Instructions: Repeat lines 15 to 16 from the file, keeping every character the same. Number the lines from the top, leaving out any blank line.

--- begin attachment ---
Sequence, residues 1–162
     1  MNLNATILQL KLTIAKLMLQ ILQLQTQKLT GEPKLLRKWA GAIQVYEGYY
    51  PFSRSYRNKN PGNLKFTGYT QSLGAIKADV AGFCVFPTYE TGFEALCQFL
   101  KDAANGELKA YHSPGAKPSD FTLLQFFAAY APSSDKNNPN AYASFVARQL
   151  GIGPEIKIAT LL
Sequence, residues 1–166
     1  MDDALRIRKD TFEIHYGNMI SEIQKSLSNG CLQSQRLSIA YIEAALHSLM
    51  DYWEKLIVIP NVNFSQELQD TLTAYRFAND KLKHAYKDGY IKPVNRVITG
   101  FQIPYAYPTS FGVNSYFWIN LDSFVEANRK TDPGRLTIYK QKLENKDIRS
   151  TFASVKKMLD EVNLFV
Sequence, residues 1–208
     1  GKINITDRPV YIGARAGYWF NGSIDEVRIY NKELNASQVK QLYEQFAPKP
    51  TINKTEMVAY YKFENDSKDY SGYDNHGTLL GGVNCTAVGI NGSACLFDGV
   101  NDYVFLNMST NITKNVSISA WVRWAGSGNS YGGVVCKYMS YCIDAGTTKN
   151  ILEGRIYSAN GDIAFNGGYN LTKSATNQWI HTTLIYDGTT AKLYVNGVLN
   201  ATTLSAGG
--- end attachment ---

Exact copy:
   151  ILEGRIYSAN GDIAFNGGYN LTKSATNQWI HTTLIYDGTT AKLYVNGVLN
   201  ATTLSAGG